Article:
This article provides a rationale for the selected ClickHouse model within the YTsaurus ecosystem. In particular, why CHYT has cliques, while regular ClickHouse has nothing analogous.
What is a clique?
A clique is a full-fledged ClickHouse cluster that can read data from tables located in YTsaurus via the built-in YTsaurus internal protocol.
From the point of view of the YTsaurus scheduler, a clique is a Vanilla operation containing in a typical case up to dozens of jobs, each of which consumes up to 16 CPU cores by default. The name clique was chosen as a play on words in consonance with the name ClickHouse, but the correct spelling in English is Clique.
A fundamental property of CHYT is that a clique is "administered" by users, not YTsaurus administrators (for more information, see Administering a private clique). Specifically, any YTsaurus user can start their own clique (or even several cliques) at any time.
This representation solves the problem of isolating the load from various users. OLAP databases like ClickHouse can have a fundamentally diverse load. We can mention production processes like ETL which create a constant background of load from under robotic users. Besides that, there are one-time ad-hoc queries from human users through tools like YQL, as well as one-time or regular uploads of datasets to external BI systems, such as DataLens or Tableau, for further visualization.
If the database faces many "heavy" queries made at the same time, this can overload the cluster in many different ways:
- The compute nodes may run out of CPU resources, causing all queries (including fast ones under normal circumstances) to get less CPU time and randomly degrade.
- As a consequence, the IO subsystem or the network stack (for example, a TCP or DNS subsystem) which also need CPU time to function may degrade.
- Compute nodes can bump into the network bandwidth and become IO-bound.
- Finally, processing substantial amounts of data can consume a lot of RAM, both directly for computations that require maintaining large intermediate states (such as heavy
GROUP BY, sorting, or
COUNT DISTINCT) and elementarily for reading data for buffers over the network.
Despite the fact that ClickHouse has built-in individual protection mechanisms to solve the problems described above, they do not always help in the realities of YTsaurus. A key property of YTsaurus as a data source for ClickHouse is that any even somewhat large table is "very heavily distributed". Roughly speaking, you can assume that every next GB of data in the table will live on a new host. In addition, static YTsaurus tables, and especially those storing analytical data, can often be compressed with a heavy compression codec (see Compression).
This leads to the fact that processing even a "relatively light" table of a dozen GB with only a few narrow columns with a total weight of hundreds of MB is heavily dependent on the network stack and the data decompression subsystem and is quite demanding on RAM for buffers to read from each machine over the network.
Not wanting to solve the difficult task of managing CPU, RAM, network and disk IO bandwidth resources within ClickHouse, the decision was made to separate users physically between different processes, which is just achieved by having the required number of cliques used by small groups of users and independent of each other. Cliques are expected to be small-granular enough not to serve different types of load or a large number of users at the same time.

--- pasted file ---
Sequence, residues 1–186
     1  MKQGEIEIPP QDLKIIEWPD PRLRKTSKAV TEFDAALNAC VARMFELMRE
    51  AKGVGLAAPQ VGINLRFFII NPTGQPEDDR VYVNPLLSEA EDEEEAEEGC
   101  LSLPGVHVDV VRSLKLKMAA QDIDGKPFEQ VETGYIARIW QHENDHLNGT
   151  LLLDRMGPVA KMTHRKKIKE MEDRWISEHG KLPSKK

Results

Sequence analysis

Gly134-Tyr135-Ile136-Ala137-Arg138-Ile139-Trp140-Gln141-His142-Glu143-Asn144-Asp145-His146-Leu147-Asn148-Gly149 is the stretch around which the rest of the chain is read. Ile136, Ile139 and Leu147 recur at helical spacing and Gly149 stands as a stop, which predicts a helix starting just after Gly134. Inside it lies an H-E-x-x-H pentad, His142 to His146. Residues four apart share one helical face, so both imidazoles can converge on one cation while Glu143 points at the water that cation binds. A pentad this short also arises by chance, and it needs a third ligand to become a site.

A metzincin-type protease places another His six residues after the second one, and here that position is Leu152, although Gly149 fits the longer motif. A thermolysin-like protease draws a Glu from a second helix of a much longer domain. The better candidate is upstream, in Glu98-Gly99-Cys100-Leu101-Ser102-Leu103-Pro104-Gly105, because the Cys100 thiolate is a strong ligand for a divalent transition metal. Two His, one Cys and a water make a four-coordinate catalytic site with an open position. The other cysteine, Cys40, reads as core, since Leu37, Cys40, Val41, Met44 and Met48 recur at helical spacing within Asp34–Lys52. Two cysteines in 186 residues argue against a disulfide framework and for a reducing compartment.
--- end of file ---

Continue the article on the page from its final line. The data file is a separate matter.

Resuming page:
The only exception to this rule are public cliques which are intentionally open to all, but are provided on the best effort principle: they may be unavailable or overloaded at any time, although their performance is monitored. There are restrictions on the complexity of executed queries, sometimes quite severe. Consider public cliques to be a demo version of CHYT.
CHYT as a service: reuse of resources in YTsaurus and exploitation by users
This system of distributing resources between different cliques within one large YTsaurus cluster resembles ClickHouse "cloud" hosting similar to Managed ClickHouse in a cloud provider. The only difference is that users do not pay with rubles in the external cloud, but with a computing quota in YTsaurus. This enables many analytical and development teams to flexibly manage existing computing resources in YTsaurus. Some of them can be used in "classic" computational pipelines for minutes/hours/days with Map-Reduce, for example, via YQL over YTsaurus. And the other small part can be used to create a clique of a suitable size for fast ad-hoc computations with delays of seconds.
Besides that, as is always the case with cloud technologies, providing something on an "as a service" model enables you to clearly specify the boundaries of responsibility for the operation of certain technical solutions.
The greatest success in the operation of any database is achieved when two conditions are met simultaneously:
- The user has a good understanding of the database structure and is able to evaluate the bottlenecks of the future computational pipeline using it.
- The user is well aware of the specifics of the stored data, as well as the necessary computations on them, also knows where the data arises from in the database, and is responsible for its specific representation and form of storage.
Users are expected to use the documentation to solve the majority of operational problems, including diagnosing slow queries and intelligently evaluating the need for resources.